The following post is my story of how I experienced my second miscarriage. In this post I show vulnerability in retelling my second loss. I also share details in my miscarriage, so I do want to offer a TRIGGER WARNING before anyone begins reading my post. Please feel free to stop reading, and take care of you if my words, and my story are challenging to read.

At 12am on Sunday September 29th, I was startled awake. Something was wrong. Something was very wrong. I had just gotten home from the ER a few hours prior. I was advised by my doctors and nurses to get some rest. I had only been asleep for a few hours when I woke up at midnight. I was confused. My heart was racing. I was sweating and I felt really uncomfortable. It’s just anxiety. Calm down. Relax. Baby is okay. I tried talking myself down from my minor panic attack.


I nudged Charles awake. He held my hand and we both fell back asleep.


I woke up again around 2:15am. I woke up sweaty and gross and had to go to the bathroom. I was scared to see I was still spotting and it was getting worse. I was now seeing bright red blood instead of light pink. In wasn’t a lot of blood, but it was getting darker. I prayed, prayed, prayed then fell back asleep.

I woke up at 4am in pain. Cramps radiated from my groin throughout my back. I couldn’t get comfortable. I held my belly, then curled up in a ball. It wasn’t taking the pain away. I got out of bed and tried stretching my legs and my back. I was so confused. What was going on? Why was I in so much pain? After a few minutes of stretching the pain died down. I laid back down. Fifteen minutes later it happen again. Sheering pain was radiating through my core. I tried stretching, pacing and slowly breathing, at that moment it dawned on me. Oh my gosh… I know what this is. Cramps that are painful that radiate throughout my back. Uncomfortable positions. Pain every few minutes. This pain wasn’t just cramps, these were labor pains. I was in labor and I was going to lose this baby.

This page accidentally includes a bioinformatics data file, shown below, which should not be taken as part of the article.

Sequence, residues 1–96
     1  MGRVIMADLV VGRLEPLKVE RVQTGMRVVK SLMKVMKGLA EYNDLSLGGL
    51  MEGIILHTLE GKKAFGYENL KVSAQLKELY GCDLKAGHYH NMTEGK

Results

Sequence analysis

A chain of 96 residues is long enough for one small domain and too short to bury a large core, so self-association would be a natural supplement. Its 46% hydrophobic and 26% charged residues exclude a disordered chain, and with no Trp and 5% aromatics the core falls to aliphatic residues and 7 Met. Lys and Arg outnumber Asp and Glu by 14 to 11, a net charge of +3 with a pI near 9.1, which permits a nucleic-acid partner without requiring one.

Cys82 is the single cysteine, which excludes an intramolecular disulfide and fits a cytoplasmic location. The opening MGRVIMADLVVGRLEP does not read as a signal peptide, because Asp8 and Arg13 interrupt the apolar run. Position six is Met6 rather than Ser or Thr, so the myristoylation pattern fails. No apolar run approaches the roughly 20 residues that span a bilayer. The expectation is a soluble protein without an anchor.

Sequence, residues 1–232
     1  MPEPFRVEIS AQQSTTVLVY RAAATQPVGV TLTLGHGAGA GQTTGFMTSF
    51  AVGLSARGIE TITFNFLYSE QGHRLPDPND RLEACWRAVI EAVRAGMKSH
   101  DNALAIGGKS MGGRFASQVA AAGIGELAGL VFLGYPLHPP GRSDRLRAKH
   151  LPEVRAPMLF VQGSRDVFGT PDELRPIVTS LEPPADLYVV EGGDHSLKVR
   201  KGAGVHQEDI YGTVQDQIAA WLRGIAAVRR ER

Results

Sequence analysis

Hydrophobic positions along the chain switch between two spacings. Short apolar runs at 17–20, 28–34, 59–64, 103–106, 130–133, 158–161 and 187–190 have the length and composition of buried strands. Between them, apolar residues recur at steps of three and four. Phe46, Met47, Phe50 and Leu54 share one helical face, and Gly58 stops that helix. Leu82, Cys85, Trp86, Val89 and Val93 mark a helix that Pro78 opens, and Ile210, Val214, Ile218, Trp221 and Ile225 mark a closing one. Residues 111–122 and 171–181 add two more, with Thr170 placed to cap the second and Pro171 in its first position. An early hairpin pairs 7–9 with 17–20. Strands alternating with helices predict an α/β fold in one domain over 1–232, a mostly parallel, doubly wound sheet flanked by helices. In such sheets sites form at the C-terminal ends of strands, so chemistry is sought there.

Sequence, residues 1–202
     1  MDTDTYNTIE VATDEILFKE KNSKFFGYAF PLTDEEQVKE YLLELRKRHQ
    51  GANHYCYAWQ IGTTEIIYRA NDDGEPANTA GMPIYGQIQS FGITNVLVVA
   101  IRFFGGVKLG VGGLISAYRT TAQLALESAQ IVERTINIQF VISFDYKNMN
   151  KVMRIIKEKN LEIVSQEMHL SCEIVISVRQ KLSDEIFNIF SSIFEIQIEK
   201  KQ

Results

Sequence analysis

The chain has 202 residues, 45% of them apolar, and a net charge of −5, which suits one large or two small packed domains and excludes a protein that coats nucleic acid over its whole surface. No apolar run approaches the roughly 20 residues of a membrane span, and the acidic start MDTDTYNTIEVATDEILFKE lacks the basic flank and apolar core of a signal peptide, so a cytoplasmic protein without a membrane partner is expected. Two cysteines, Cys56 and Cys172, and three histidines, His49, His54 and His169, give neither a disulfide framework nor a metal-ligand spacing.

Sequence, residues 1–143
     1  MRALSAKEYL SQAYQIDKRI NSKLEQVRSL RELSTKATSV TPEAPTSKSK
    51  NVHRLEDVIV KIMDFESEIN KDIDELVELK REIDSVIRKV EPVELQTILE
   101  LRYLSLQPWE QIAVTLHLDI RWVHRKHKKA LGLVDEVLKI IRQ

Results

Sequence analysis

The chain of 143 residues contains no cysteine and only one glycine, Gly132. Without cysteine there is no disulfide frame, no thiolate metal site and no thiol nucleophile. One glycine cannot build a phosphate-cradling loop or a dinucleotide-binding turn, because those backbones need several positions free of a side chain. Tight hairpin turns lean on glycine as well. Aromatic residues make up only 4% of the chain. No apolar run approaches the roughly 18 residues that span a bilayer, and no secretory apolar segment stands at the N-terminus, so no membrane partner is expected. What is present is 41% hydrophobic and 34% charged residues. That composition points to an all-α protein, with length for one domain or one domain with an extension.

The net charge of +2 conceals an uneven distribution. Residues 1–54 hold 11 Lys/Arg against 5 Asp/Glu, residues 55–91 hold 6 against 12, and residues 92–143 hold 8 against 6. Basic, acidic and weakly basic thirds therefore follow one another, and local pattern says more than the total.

When this realization hit me, I wanted to throw up. Part of it was the pain, and part of it was my mind and emotions trying to catch up with what my body already knew. I had cramps every fifteen minutes, then every ten minutes, then every five. I paced through my apartment, tried laying in bed and tried sitting on the toilet. Nothing helped with the pain. Around 5:15am, I found myself laying on my bathroom floor sobbing.


I felt scared and alone. I considered waking up Charles, but I didn’t. I didn’t want him to be scared.


At 5:36am I cried out to God. I pleaded with God to help me. I knew my baby was already gone, and my body had a job to do. I knew this was completely out of my control. I knew the end was coming, but I couldn’t bare to think about it. I asked God that if this was it, if I was truly going to lose my baby, then could He just please make it quick. Ten minutes later at 5:46am, I felt my baby leave my body. I felt blood pour out of me and I felt my heart shatter yet again as I said I’m so sorry to my baby, and left the bathroom.

I went into my room and woke up Charles. I sobbed and told him what happen. He was confused and saddened. He held me and we cried together. That was it, it was done. My second pregnancy and my Rainbow Baby Chase were gone.


The next morning we woke up and tried to wrap our minds around what had happen. I took it easy that day, since my body was truly drained. I reached out to family and friends and let them know what had happen. They sent their love and condolences. I couldn’t believe it. We lost another baby. Why? That afternoon, Alli and Andrea sent us some flowers that read: In Loving Memory of Baby Chase. Reading this made me cry, and after that I didn’t cry for awhile. I didn’t feel like I should.